Runners often experience lower back pain or muscle tightness due to the repetitive jarring over long distances. Stretching offers short term relief, but the pain returns run after run. The issue may lie elsewhere.
You might be fit, but are you strong? If the muscles essential to running are weak, your back may be picking up the extra load.
Strengthening hamstrings, core, hip flexors or glutes will alleviate pressure on your back. Some simple exercises will help build strength.
- Hip bridge: lie on your back and put the soles of your feet flat on the ground so your knees are pointing to the sky. Press down on your heels so your hips move up until your body and thighs are aligned in a straight line. Hold for two seconds and lower your body. Complete three sets of 10 reps.
- Walking lunges: Take a big stride, then lower your back leg until it is close to the ground, then drive through your front leg into the stranding position. Take another big stride forward with the other leg and repeat the process. Hold weights in each hand to make it hard as you lunge across the room.
- Hip flexors
- Single leg Romanian dead lifts: stand on one leg, slowly lean forward and lift your other leg. Rotate from the hips until your back and lifted leg are parallel to the ground, then bring your body back upright to the standing position. Complete three sets of eight. Hold a weight in one hand, the hand opposite the supporting leg, for added resistance.
- Dead ant: lie on your back. Bend your knees and lift your feet off the ground and hold your hands above your head. Slowly straighten and lower one of your legs, and slowly drop the opposite hand. Just before your hand and foot hit the ground, lift them back up and repeat with the other leg and arm. Do the dead ant for four sets of 45 seconds or as part of a core circuit. The plank is also a good core exercise, as it also engages the muscles either side of your spine.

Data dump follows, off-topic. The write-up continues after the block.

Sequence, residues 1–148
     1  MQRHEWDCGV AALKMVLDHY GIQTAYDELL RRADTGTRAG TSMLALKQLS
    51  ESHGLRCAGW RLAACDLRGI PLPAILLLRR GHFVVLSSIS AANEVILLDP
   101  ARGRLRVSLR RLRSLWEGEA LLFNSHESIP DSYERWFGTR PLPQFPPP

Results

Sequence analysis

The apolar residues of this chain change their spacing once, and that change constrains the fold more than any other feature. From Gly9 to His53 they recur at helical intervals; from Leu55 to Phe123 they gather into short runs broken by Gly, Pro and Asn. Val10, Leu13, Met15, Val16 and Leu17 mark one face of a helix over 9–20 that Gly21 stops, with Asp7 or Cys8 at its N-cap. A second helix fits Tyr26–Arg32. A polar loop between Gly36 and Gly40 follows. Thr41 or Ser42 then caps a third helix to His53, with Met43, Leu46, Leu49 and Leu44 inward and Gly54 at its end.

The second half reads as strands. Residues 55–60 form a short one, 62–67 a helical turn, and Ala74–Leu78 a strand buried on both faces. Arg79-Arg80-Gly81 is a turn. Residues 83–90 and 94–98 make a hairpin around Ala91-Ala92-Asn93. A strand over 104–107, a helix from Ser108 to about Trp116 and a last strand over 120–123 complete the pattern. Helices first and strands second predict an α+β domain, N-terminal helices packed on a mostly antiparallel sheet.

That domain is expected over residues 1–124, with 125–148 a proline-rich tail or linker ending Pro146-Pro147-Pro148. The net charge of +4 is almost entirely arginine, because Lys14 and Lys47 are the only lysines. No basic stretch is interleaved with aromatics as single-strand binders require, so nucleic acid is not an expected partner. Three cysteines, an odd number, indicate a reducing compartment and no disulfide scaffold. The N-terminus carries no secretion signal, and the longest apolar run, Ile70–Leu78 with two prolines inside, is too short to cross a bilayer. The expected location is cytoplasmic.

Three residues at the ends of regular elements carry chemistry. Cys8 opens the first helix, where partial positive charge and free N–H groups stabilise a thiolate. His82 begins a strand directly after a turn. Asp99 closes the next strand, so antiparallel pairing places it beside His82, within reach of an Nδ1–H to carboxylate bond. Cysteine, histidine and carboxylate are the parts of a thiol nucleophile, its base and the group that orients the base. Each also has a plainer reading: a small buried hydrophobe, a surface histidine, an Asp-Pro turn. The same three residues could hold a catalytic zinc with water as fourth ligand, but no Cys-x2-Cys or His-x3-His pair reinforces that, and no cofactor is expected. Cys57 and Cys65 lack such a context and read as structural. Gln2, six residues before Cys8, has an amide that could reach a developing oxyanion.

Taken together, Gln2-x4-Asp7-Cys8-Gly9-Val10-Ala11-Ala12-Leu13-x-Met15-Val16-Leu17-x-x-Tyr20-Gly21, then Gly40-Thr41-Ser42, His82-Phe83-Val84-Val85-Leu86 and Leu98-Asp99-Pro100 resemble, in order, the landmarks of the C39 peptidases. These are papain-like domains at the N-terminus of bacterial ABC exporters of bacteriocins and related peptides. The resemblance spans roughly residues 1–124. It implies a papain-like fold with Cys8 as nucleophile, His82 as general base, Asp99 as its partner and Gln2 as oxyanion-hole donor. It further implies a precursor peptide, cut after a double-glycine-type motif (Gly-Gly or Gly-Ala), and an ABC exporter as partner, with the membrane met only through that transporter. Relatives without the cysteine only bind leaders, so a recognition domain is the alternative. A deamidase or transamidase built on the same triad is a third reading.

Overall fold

Immobile hips are common for those sitting all day in an office. They are more common still among runners used to using their hips over long distances after days in a chair. Simple remedies can release your hips.
- Ball rolling
- Sit on a stiff ball, like a lacrosse ball, cross your foot over to your other thigh and then roll around to search for tight spots. The release will stop your hips or glutes pulling on your lower back.
- The flexors on the front of your hips actually come up and around your pelvis, often tugging on your lower back. Stride forward into the lunge position and then push your hips forward until you feel the stretch. You can put your back knee on the ground to help, or keep the weight on your feet to make the movement more dynamic. Try lifting your arm, too, as that will increase the stretch.
Too much, too soon
If you have just discovered the joys of running, congratulations and welcome to the community. However, your body will need time to adjust. Muscles your body is not used to using will flare up, need recovery and then get stronger and used to the sport.
So, start slow. Sprinting off to set your 5km personal best is not a good idea on week one. A solid base of aerobic fitness and time on your feet will increase the longevity of your time in the sport. You have the rest of your life to run – what’s the rush?
Your gait may also be causing issues. Seek expert advice from a running coach to see if your running style is the source of your pain.